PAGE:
Some good news coming out of the federal government on the environment front. The Great Lakes Restoration Initiative, originally scheduled to be zeroed out in the 2018 budget, has been approved at $300 million by U.S. House appropriators. The funding still has to make it through the Senate and White House before final approval.

News to Us

Sandhill Crane. John Lloyd.

Sandhill Crane. John Lloyd.

In this edition of News to Us, learn some of the implications of the proposed federal budget for the Great Lakes, how HRWC is helping prepare the Huron River for climate change, the magnitude of the challenge of aging water infrastructure, and see a short film on the inner workings of a river.

 

Trump Proposal To Gut Great Lakes Funding Could Allow Pollution To Flourish
The fund which allocates almost $300 million each year to the protection and restoration of our nation’s Great Lakes is proposed to be completely defunded. The new administration’s proposed budget cuts the bipartisan Great Lakes Restoration Initiative (GLRI) entirely as they seek to reduce EPAs budget by 31%. (This article was written before the official budget was released. Cut went from 97% to 100% at the official budget release this week.) GLRI has been in place since 2010 and has funded critical work from studying Harmful Algal Blooms to supporting cleanup efforts in our most polluted waters and so much more. The implications of this are wide reaching from serious declines in water quality and losing ground on invasive species to significant impacts to the economy of our coastal towns and job losses in tourism and research. HRWC is meeting with and talking to our Senators and Representatives and please do too–call your Senators and Representatives and ask they fight to protect the GLRI.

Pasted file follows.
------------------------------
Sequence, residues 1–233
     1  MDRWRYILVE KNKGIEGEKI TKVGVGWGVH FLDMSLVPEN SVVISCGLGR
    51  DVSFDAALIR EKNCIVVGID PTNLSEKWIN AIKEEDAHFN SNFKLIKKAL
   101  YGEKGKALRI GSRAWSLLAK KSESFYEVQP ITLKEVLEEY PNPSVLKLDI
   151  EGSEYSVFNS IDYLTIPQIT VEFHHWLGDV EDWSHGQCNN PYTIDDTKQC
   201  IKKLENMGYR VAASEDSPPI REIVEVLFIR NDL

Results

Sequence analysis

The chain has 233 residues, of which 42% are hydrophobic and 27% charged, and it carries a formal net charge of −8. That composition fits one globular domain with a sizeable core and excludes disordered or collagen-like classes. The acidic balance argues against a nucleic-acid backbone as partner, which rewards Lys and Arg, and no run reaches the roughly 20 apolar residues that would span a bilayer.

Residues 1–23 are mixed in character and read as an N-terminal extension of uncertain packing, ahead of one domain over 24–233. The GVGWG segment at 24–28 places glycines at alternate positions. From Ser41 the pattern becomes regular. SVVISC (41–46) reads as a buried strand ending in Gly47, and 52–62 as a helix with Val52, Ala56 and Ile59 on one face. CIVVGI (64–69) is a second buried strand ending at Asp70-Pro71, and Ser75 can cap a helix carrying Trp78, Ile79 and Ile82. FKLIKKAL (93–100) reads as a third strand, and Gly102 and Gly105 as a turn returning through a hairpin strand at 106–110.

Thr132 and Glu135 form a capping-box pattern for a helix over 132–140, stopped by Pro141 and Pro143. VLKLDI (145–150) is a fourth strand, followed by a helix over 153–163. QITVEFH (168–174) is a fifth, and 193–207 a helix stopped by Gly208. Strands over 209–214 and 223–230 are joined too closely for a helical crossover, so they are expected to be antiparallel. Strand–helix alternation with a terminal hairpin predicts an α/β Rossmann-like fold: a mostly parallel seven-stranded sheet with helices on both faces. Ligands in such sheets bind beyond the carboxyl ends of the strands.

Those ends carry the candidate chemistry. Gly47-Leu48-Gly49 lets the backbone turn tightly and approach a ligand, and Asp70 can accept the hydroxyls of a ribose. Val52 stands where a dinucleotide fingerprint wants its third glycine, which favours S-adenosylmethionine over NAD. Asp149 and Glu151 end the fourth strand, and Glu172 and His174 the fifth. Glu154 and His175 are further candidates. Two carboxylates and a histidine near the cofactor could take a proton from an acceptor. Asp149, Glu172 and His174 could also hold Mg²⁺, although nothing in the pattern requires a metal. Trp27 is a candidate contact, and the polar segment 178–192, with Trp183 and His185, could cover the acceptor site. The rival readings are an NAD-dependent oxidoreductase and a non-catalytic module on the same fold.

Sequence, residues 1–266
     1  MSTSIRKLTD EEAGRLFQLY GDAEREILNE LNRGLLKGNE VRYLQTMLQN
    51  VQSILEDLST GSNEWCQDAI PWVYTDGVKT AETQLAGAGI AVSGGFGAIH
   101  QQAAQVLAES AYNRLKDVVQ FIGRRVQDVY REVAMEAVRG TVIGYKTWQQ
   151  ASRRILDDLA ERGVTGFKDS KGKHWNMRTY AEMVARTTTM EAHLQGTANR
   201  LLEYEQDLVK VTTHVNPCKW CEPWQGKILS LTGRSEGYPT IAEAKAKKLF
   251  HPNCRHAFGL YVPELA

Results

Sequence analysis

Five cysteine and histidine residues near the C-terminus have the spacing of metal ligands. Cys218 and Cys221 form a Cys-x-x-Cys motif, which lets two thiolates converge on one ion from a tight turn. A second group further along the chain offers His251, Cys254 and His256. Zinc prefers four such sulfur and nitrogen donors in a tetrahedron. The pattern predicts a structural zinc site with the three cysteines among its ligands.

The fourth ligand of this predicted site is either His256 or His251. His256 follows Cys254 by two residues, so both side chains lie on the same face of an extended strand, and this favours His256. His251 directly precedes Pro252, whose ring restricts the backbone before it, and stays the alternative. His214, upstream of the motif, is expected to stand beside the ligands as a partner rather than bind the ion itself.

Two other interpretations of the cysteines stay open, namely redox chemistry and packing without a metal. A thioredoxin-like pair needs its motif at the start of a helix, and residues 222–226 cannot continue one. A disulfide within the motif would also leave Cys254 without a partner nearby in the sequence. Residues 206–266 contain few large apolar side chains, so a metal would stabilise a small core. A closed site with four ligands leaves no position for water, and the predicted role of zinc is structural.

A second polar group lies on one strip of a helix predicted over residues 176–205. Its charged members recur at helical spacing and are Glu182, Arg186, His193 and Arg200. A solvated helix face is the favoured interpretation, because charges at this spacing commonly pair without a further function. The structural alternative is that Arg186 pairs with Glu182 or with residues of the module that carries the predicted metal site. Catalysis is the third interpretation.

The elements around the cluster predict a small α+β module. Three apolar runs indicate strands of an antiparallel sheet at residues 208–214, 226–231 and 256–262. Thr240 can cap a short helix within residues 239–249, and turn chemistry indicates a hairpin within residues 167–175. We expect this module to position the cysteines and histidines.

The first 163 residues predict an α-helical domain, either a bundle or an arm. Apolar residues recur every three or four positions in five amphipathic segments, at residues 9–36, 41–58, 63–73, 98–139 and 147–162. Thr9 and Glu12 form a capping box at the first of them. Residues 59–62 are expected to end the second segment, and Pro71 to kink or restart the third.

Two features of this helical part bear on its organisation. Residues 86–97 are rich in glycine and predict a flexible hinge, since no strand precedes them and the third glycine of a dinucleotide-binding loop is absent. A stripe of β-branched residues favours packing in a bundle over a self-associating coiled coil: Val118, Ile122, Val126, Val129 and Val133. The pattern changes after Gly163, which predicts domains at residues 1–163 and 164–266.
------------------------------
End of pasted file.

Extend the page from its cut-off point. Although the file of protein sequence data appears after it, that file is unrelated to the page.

Issues Of The Environment: Building Resilience Along The Huron River Amidst Changes In Climate HRWC’s Rebecca Esselman is interviewed on the impacts of climate change to the Huron River and the strategies being implemented to help the river adapt to a new climate future. Protecting forests along the river and stream, restoring habitat and improving the management of flow by dams can create conditions that will help the Huron be more resilient to more extreme rainfall events, drought and higher air temperatures. Watch a short film on this topic here.

We have a lot of old water infrastructure, so what do we do about it? Our water infrastructure – the pipes, pumps and plants that deal with stormwater, drinking water and wastewater are old and failing. The price tag associated with necessary upgrades is huge and the source of that money is unknown.

The Secret Life of Rivers
And for a little fun, check out this really cool glimpse at a rarely considered, hyper-important part of a river system- the hyporheic zone. It will only add to your awe and respect for these complex ecosystems. And as an added bonus, a tardigrade makes a guest appearance and if you don’t know about tardigrades, google it. They are astounding.